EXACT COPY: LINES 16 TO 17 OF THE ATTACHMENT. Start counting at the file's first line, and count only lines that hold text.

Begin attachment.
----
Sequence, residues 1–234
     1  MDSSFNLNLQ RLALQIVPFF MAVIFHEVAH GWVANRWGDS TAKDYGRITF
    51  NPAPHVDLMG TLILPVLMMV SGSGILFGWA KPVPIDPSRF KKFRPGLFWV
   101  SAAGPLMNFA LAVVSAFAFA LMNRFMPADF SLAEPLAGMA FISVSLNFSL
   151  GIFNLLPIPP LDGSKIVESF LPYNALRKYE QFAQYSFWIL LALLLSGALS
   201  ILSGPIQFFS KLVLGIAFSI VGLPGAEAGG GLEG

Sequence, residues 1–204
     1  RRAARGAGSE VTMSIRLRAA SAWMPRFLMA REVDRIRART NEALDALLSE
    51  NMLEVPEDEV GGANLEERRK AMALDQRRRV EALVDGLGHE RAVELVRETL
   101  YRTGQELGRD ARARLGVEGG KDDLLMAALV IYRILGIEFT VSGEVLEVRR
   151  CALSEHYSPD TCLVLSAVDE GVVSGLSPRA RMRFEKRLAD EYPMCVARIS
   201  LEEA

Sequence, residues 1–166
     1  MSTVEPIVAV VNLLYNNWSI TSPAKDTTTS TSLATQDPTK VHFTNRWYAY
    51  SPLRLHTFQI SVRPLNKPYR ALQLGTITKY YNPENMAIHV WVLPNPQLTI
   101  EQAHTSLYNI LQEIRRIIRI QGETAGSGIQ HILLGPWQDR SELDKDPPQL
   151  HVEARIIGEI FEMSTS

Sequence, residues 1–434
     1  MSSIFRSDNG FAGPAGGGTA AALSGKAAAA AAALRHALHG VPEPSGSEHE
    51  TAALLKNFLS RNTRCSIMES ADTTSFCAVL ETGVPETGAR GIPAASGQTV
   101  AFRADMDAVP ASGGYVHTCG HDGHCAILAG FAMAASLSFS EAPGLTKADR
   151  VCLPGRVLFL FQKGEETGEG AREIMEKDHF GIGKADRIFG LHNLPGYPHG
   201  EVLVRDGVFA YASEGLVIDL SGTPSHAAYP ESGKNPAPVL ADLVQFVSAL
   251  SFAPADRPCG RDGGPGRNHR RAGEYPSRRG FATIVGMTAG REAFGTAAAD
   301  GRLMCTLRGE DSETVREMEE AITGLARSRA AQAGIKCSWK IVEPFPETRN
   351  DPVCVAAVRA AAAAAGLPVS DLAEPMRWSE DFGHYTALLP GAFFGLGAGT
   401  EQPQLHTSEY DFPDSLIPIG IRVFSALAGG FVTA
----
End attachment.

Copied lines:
   101  EQAHTSLYNI LQEIRRIIRI QGETAGSGIQ HILLGPWQDR SELDKDPPQL
   151  HVEARIIGEI FEMSTS